Experimental approaches to poetry allow Campanello a range of effects and affects specifically responsive to this event. Every page, for instance, bears the name of one child lost in the Mother and Baby Home alongside their birthdate and age at death. This official record of the life, in many cases the only extant evidence of those lives, pulls each page, no matter how discordant, dismissive, confounding or disturbing, back to the stark reality at the heart of the project.
Most harrowing are the pages devoid of text but for the name and dates of the child. The vast, empty pages of this oversized book signal a heavenly silence. The often times bureaucratic gibberish that papers over the deaths in the other pages disappears in the horrible glare of the waste of paper, expressing without words the waste of life. These empty pages are small memorials to babies whose names are otherwise unsaid. The dates are arranged chronologically, thus affording a sweep of time like an arrow pointing to the moment when things finally changed. It is an exact and exacting record of trauma.
If poetry has traditionally sought to unify a people or to express a fellow feeling, experimental poetry offers a means to show fissures in that unity and permits feelings of alienation. As the Irish-American poet Susan Howe writes, “What is the communal vision of poetry if you are curved, odd, indefinite, irregular, feminine. I go in disguise.”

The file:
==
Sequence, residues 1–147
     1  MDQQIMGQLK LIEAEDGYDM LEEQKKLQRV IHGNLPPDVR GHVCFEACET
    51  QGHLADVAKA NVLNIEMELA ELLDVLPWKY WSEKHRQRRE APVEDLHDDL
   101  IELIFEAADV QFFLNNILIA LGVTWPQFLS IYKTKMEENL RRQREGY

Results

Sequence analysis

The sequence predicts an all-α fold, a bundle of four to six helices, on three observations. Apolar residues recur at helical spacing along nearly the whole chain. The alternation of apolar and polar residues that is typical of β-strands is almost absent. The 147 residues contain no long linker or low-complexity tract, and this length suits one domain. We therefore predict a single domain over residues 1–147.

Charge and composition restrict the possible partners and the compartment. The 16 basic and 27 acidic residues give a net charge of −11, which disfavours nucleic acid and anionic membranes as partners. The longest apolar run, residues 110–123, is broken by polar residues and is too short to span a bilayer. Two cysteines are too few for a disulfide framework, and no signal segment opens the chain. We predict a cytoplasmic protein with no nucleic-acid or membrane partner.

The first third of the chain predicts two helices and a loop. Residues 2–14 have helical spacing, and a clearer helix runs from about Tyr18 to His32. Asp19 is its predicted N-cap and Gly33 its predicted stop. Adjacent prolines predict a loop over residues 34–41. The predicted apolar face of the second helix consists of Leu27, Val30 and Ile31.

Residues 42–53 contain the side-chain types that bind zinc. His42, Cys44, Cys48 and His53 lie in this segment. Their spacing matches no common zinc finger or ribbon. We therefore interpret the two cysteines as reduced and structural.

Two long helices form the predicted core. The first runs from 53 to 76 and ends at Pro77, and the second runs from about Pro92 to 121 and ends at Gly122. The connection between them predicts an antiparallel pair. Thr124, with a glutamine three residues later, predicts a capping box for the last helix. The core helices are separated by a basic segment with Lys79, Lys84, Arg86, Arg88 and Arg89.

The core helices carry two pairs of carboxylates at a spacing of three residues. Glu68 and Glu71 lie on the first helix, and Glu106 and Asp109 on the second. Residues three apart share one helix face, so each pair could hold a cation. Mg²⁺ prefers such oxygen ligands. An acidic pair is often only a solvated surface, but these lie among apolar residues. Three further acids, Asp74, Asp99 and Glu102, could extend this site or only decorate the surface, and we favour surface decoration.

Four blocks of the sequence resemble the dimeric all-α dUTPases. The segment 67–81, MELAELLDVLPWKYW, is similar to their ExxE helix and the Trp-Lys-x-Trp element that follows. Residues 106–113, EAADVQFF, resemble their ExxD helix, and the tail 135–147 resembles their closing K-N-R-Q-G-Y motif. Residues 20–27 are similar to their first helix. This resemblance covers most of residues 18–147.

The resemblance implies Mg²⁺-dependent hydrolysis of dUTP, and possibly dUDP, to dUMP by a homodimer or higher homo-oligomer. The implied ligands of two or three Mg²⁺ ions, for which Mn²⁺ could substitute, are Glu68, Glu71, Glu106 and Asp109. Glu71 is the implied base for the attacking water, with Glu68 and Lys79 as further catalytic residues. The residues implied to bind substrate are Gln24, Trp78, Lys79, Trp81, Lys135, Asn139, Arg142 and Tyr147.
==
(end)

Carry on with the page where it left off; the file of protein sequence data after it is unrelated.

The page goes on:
Christodoulos Makris' this is no longer entertainment (2019) also uses a conceptual writing approach to illuminate fissures in our social fabric. Makris builds his poems from the internet, culling lines and quips from chat rooms, comment streams, and other ephemeral online spaces. In the poems, he connects his collage work to the avant-garde history of similar experiments from Pablo Picasso to Brion Gysin, John Cage to musical sampling in contemporary hip-hop.
In other words, this kind of experimental writing has its own tradition from which to draw and respond. Rather than pursue beauty in isolation, this manipulated found-text tradition makes art of the ugly truth. Tradition is, after all, just a shared preference that lingers over time.
He explains in the introduction that this is no longer entertainment is “formed entirely out of untreated anonymous or pseudonymous text found in the open comments sections of media websites and other digital platforms”. The poet concedes that the book is, in this way, “unauthored” and demonstrates a variety of artful strategies in processing the mess of the internet into an art that sustains its violence, its contradictions, and its attractions.